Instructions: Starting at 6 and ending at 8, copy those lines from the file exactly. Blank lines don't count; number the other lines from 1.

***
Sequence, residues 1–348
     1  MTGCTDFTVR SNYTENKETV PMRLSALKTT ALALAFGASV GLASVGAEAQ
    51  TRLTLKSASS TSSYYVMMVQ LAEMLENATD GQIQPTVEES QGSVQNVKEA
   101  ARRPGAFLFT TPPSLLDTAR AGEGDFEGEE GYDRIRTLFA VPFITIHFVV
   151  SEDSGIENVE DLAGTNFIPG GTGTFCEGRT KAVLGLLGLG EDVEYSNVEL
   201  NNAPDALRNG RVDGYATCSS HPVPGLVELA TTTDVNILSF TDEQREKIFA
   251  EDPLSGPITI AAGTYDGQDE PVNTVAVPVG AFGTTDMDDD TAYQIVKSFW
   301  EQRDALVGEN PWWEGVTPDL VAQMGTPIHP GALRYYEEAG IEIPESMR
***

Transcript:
   201  NNAPDALRNG RVDGYATCSS HPVPGLVELA TTTDVNILSF TDEQREKIFA
   251  EDPLSGPITI AAGTYDGQDE PVNTVAVPVG AFGTTDMDDD TAYQIVKSFW
   301  EQRDALVGEN PWWEGVTPDL VAQMGTPIHP GALRYYEEAG IEIPESMR